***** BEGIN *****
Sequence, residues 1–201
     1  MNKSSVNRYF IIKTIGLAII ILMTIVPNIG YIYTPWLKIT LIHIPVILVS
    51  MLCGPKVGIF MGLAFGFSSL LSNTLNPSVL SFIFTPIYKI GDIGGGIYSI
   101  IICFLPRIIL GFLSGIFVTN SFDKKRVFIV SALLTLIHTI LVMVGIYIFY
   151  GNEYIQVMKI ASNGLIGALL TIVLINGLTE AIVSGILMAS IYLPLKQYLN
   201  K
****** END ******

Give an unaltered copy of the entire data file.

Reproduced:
Sequence, residues 1–201
     1  MNKSSVNRYF IIKTIGLAII ILMTIVPNIG YIYTPWLKIT LIHIPVILVS
    51  MLCGPKVGIF MGLAFGFSSL LSNTLNPSVL SFIFTPIYKI GDIGGGIYSI
   101  IICFLPRIIL GFLSGIFVTN SFDKKRVFIV SALLTLIHTI LVMVGIYIFY
   151  GNEYIQVMKI ASNGLIGALL TIVLINGLTE AIVSGILMAS IYLPLKQYLN
   201  K